Indeed, Soltana explains that the Tunisian state’s laxity toward certain activities of fundamentalist groups, the takeover of mosques and the presidential amnesty that resulted in the release of several prisoners, including fundamentalists, were also behind this wide open gateway for terrorism. Add to this the profuse weapons coming from Libya, the indoctrination networks of youth into jihad in Syria aided by the ease of launching propaganda on the Internet and fuelled by political rhetoric of some leaders openly calling for jihad.
Today, the list of armed jihadist groups officially pledging their allegiance to ISIS is growing by the hour. On June 26, 2014, al-Qaeda in the Islamic Maghreb (AQIM) was added to this list. This group, which includes the Tunisian terrorist network Ansar al-Sharia, published an audio message on YouTube in which it openly criticized al-Qaeda. Algerian AQIM leader Abu Abdullah Othman el-Assimi affirmed in this recording that AQIM recognizes that ISIS is on the right track since the latter “is placing the word of Allah above all and is ignoring the boundaries imposed by the Taghout (tyrants),” three days before Baghdadi’s announcement.
Baghdadi had already defected from al-Qaeda in 2013 by ending his alliance of convenience with the organization. While Baghdadi’s movement — which is al-Qaeda’s offshoot — emerged in 2007 under the name of the Islamic State in Iraq, it wasn’t until 2011 that this movement started recovering. Indeed, the departure of US troops from Iraq, the sectarian politics of Iraqi Shiite Prime Minister Nouri al-Maliki and the revolution which broke out in Syria constituted the foundations for ISIS.
Taking advantage of the porous borders between the two neighboring countries, Iraqi jihadists went to Syria to fight alongside the Free Syrian Army, along with jihadists from around the world, including from Tunisia. After supporting the Syrian movement [of al-Qaeda], Jabhat al-Nusra, the Islamic State in Iraq continued to send men to northern Syria under the banner of ISIS. The movement has emerged as the most violent jihadist movement. Even the Syrian rebels do not want them and reject them, while accusing them of stealing their revolution. After its return in force in Iraq in 2013, ISIS appropriated, in 2014, the majority of Syrian territories and nearly two-thirds of northern Iraqi territories, thus entering a new phase. ISIS indeed claims to be the figurehead of global jihadism in place of the parent organization, al-Qaeda.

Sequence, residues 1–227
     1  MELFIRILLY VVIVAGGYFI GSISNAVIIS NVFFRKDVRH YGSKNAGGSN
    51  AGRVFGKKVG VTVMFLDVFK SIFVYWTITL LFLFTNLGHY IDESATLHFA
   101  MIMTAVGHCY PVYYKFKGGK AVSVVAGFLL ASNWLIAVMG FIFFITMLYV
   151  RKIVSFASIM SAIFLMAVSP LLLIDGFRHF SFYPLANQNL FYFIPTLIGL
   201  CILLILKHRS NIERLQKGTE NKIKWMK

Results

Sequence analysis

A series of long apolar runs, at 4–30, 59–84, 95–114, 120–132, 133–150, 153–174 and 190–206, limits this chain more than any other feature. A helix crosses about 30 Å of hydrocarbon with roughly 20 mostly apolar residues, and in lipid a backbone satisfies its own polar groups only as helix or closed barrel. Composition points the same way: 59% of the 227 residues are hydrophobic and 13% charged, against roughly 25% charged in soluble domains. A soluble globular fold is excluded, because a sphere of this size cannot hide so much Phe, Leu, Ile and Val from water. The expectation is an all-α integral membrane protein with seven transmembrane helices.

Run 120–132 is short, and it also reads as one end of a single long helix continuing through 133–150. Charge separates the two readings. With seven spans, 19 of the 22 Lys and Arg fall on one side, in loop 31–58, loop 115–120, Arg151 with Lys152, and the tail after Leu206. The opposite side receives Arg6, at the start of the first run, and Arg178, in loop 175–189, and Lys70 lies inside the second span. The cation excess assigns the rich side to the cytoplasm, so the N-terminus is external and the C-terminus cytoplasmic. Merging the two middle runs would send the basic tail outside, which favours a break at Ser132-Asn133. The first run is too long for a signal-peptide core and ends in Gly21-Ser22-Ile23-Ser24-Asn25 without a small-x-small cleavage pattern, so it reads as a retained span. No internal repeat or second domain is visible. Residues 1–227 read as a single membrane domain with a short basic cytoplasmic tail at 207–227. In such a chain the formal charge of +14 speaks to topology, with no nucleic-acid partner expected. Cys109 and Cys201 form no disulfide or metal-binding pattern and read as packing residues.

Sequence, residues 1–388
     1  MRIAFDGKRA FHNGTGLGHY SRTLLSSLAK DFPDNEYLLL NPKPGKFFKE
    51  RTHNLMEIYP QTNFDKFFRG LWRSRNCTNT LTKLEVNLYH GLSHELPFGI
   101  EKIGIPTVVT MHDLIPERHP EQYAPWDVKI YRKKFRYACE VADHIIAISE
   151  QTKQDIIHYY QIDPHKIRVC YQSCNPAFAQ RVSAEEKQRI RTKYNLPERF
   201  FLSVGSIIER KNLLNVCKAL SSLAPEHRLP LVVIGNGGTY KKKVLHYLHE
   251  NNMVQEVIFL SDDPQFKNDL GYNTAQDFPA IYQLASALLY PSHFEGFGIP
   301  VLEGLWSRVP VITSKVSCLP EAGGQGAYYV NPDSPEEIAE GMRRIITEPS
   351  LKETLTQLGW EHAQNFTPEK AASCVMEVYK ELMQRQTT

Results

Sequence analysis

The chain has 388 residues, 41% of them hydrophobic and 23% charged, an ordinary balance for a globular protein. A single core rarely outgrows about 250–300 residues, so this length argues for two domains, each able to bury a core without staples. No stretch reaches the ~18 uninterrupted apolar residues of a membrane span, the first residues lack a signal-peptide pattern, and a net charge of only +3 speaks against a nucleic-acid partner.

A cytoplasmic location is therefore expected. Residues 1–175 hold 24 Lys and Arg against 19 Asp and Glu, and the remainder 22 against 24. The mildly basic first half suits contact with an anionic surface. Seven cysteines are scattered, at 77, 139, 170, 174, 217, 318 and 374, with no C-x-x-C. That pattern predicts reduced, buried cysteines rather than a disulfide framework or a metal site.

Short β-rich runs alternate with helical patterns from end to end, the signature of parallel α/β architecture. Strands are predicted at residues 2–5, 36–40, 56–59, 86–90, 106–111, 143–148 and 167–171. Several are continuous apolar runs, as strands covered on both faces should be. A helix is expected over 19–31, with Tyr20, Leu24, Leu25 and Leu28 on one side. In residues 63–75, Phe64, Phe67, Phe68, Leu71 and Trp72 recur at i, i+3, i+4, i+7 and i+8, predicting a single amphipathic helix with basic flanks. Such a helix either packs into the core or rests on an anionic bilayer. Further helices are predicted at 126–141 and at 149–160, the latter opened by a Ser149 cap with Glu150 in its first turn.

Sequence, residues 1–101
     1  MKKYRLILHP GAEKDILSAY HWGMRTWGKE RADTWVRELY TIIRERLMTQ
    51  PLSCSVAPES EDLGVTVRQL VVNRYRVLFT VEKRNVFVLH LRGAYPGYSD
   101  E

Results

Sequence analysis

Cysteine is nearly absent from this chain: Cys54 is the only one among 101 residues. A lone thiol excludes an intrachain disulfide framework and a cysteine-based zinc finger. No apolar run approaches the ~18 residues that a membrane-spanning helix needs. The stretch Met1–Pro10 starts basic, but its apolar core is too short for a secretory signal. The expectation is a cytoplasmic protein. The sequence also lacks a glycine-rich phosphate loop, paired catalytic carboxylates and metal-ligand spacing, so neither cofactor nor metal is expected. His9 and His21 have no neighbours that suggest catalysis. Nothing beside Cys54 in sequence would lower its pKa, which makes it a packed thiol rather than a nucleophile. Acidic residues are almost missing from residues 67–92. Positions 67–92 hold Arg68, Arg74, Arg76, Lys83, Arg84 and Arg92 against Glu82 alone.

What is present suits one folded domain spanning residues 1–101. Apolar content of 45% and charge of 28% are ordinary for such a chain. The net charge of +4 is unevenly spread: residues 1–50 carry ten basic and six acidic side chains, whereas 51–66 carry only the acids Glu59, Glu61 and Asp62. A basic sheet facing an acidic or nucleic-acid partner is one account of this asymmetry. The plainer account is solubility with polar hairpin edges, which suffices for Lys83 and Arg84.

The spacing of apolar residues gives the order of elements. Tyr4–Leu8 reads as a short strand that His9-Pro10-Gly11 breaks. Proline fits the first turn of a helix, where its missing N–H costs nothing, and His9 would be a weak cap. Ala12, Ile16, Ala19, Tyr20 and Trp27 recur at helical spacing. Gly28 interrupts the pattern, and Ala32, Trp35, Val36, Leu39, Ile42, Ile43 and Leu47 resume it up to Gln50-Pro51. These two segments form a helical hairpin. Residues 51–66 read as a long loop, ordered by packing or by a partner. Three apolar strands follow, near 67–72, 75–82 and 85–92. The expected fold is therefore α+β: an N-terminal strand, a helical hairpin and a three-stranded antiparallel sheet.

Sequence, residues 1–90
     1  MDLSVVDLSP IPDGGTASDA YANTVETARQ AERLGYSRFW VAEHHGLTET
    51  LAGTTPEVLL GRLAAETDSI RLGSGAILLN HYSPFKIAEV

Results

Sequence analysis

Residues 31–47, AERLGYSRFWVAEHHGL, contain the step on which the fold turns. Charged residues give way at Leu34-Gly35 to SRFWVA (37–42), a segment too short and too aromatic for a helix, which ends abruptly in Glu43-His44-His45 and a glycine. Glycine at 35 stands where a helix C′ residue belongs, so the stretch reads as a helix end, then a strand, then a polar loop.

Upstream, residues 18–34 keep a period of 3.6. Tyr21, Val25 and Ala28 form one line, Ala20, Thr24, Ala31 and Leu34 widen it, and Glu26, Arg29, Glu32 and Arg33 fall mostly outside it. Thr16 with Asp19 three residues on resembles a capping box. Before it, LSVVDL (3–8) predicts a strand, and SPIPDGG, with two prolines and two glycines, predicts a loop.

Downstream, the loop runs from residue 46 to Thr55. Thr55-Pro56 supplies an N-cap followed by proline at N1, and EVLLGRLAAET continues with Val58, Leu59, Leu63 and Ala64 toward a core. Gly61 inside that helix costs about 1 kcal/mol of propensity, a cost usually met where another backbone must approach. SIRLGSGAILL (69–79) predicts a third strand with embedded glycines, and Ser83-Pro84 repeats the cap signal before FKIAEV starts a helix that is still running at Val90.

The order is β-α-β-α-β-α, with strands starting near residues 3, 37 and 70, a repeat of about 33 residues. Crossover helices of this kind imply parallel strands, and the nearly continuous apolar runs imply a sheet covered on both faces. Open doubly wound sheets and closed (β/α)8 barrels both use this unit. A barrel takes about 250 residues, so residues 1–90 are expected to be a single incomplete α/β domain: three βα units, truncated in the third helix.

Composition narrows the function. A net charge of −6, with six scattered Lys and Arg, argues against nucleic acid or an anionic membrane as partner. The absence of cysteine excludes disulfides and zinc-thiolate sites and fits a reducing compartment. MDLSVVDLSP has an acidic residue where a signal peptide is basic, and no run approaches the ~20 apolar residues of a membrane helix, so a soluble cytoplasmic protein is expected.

Following the official announcement of an Islamic caliphate, some radical circles in Tunisia rejoiced at the idea of seeing this dream finally take shape. Other parties that advocate the caliphate as the ultimate goal, like Hizb ut-Tahrir, are skeptical, noting: “Any movement wishing to establish the caliphate should follow the path of Prophet Muhammad. … This announcement is mere talk and does not, in any way, move forward toward the establishment of the caliphate. It is an armed organization that has no real power over Syria and Iraq.”
However, this announcement was also a message from the Islamic State to all leaders of Muslim countries. In Tunisia, opinions differ on the importance that should be attributed to terrorism. Many attacks are carried out in the country, including the infamous mine explosions in Jebel Chambi, Selloum and Ouergha, causing dozens of deaths in the ranks of the army and the National Guard and also claiming the lives of Tunisian citizens.
Yet, even today, the absence of a real global strategy against terrorism remains deplorable. Beyond sweetened and circumstantial political speeches, the authorities still lack a clear vision of how to deal with this threat.